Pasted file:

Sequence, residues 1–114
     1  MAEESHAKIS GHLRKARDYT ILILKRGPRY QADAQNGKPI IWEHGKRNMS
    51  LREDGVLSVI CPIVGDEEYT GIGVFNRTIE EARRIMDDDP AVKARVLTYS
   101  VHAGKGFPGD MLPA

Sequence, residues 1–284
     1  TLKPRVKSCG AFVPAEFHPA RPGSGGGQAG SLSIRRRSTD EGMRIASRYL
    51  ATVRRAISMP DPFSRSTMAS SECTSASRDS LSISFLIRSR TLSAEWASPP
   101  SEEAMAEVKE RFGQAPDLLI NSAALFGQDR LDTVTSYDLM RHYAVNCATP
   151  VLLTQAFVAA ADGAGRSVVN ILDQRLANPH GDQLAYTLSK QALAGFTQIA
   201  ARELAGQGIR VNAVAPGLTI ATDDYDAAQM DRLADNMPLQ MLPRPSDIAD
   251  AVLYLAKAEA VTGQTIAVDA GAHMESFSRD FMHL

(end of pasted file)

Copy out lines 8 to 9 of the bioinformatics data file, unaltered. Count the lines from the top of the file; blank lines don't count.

   101  SEEAMAEVKE RFGQAPDLLI NSAALFGQDR LDTVTSYDLM RHYAVNCATP
   151  VLLTQAFVAA ADGAGRSVVN ILDQRLANPH GDQLAYTLSK QALAGFTQIA